Your guide to a green spring cleaning

Now that spring’s finally here, everything’s getting greener—and you can, too, with our guide to a green spring cleaning. Instead of tossing unwanted items in the trash, let’s look at ways we can reduce our waste footprint by recycling and reusing.

But before we begin, a little note on the items we’ve covered in this guide. They weren’t randomly selected. We aggregated the most-searched materials over our What goes where? tool to find out exactly what our users were looking to get rid of this season. To narrow things down a bit, we’ll be focusing on how to dispose of some of the trickier items—emphasizing reuse options you can take advantage of.

Clothes

For many, shifting seasons means shifting fashions. If your unwanted threads are still in good condition, there are plenty of things you can do with them to promote #threadcycling.

For example, swap them with a friend or sell them at a flea market, consignment shop, or online. Kijiji, Craigslist, and eBay all prove that one person’s trash is another’s treasure, and they’re a great opportunity to pad your pocket with some extra dough. Organizations like Diabetes Canada accept a wide variety of textile and household items. And you can schedule them to pick your stuff up for free. Don’t forget Goodwill (which also accepts some e-waste).

For items in poor condition, there are a couple options. If your community has a textile recycling program, that’s always a safe bet. Charity drop-off bins like Textile Waste Diversion will even recycle your rags into industrial fibers. Some retailers (H&M and Patagonia, for instance) also provide textile recycling programs. To purchase sustainably, you might even consider brands like Reformation, who repurpose deadstock fabric and vintage clothing.

Furniture

Some communities accept larger pieces of furniture for curbside pickup—with certain restrictions. For example, they might require you to mark glass materials and dismantle items like bedframes. You can also contact junk removal companies, and they’ll pick up your unwanted furniture for a fee. Many of these companies recycle and donate salvageable items, too.

Beyond that, resale is always an option—whether you go the online route, to a consignment shop or to a thrift store like Value Village. Free of charge, Habitat for Humanity will come to your home to pick up furniture and appliances that are still in working condition and re-store them. Furniture banks will do the same.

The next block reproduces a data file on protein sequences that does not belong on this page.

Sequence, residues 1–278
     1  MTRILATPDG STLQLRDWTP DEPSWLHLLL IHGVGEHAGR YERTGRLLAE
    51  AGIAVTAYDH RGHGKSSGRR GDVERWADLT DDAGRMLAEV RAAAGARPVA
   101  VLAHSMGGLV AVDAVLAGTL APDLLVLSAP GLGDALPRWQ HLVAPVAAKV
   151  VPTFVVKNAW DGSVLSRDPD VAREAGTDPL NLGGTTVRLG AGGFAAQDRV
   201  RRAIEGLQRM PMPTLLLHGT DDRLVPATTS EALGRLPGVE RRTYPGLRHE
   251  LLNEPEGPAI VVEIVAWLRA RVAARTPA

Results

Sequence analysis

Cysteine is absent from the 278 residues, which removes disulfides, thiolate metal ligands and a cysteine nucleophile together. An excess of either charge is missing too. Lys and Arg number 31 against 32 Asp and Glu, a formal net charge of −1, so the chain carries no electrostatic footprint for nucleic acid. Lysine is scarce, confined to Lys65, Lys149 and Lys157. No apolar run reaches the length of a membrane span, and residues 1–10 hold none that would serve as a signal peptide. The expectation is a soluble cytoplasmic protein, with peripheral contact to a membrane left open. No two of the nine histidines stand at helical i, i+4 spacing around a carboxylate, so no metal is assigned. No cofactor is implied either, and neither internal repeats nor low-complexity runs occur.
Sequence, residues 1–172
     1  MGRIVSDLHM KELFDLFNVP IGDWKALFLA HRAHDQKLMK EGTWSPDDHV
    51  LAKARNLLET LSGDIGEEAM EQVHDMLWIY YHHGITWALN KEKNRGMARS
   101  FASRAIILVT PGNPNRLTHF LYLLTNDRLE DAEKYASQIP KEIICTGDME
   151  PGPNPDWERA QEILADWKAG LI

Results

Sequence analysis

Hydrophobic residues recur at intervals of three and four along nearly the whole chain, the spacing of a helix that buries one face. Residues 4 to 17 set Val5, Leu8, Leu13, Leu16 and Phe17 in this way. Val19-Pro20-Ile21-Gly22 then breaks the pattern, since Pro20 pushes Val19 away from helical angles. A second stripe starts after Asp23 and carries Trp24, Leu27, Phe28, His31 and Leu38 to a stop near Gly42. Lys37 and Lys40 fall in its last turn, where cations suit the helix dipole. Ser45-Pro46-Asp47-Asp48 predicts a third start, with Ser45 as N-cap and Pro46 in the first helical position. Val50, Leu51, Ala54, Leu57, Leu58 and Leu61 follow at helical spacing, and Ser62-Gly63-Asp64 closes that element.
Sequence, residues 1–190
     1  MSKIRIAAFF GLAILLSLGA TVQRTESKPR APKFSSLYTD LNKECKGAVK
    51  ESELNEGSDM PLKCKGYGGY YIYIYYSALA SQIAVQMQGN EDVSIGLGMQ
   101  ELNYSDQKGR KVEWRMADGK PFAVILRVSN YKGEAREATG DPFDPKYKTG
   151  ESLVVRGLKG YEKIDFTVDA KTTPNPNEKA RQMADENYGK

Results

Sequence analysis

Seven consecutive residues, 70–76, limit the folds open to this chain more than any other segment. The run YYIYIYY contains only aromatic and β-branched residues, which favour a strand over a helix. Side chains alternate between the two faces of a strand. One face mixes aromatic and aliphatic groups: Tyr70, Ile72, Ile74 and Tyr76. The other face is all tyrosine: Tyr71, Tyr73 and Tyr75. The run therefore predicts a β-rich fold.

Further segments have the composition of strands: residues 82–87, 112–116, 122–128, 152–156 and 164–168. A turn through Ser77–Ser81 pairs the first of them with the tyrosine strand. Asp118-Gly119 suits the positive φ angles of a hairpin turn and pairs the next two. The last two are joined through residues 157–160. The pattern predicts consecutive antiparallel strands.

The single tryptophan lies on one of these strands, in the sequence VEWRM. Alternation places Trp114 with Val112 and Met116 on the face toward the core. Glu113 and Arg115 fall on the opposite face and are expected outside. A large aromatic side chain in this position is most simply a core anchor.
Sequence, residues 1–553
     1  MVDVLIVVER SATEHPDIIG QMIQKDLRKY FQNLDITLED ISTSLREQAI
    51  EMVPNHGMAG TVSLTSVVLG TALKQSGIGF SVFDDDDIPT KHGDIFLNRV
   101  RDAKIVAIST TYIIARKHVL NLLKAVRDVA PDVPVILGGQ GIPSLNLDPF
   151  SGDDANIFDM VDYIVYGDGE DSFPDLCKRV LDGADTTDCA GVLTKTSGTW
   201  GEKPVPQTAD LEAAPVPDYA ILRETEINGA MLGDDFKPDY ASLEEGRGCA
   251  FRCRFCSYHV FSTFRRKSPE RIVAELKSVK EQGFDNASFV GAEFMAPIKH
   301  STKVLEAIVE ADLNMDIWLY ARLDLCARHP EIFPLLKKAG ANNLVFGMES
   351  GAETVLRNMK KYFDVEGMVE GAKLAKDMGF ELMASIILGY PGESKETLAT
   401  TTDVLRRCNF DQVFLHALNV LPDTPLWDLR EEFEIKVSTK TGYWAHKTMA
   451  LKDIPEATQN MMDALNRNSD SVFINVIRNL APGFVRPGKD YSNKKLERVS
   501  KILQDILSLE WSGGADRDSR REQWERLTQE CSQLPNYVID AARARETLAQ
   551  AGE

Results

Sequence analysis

Electronics

E-waste is a huge concern. Because it often contains hazardous materials, it’s not something we want in our landfills. That’s why we should never throw our unwanted electronics in the garbage. While some communities do have recycling programs, there are plenty of other options available. Apple, for instance, accepts any of their branded gadgets for recycling online or instore. So do many other electronics retailers.

There are also tons of exciting e-cycling initiatives worth checking out. TerraCycle, a U.S.-based organization, offers a free e-waste recycling program. You can ship them your unwanted cell phones, smart phones, some inkjet cartridges, laptops, netbooks, notebooks, and some tablets—and it’s free. Recycle My Electronics is also worth checking out.

In the U.S., there are certified electronics recycling facilities everywhere. The same can be said for Canada, Australia, and New Zealand. To help slow the production of more e-waste, you could also consider purchasing electronics sustainably. It’s as easy as holding onto your device until it stops working (or donating it to someone else).

As you start sorting through your winter clutter, you might have more disposal questions that need answering. Feel free to download our app, and we’ll hook you up with practical tips and tricks. And remember: a green spring cleaning means an even greener spring, which benefits everyone.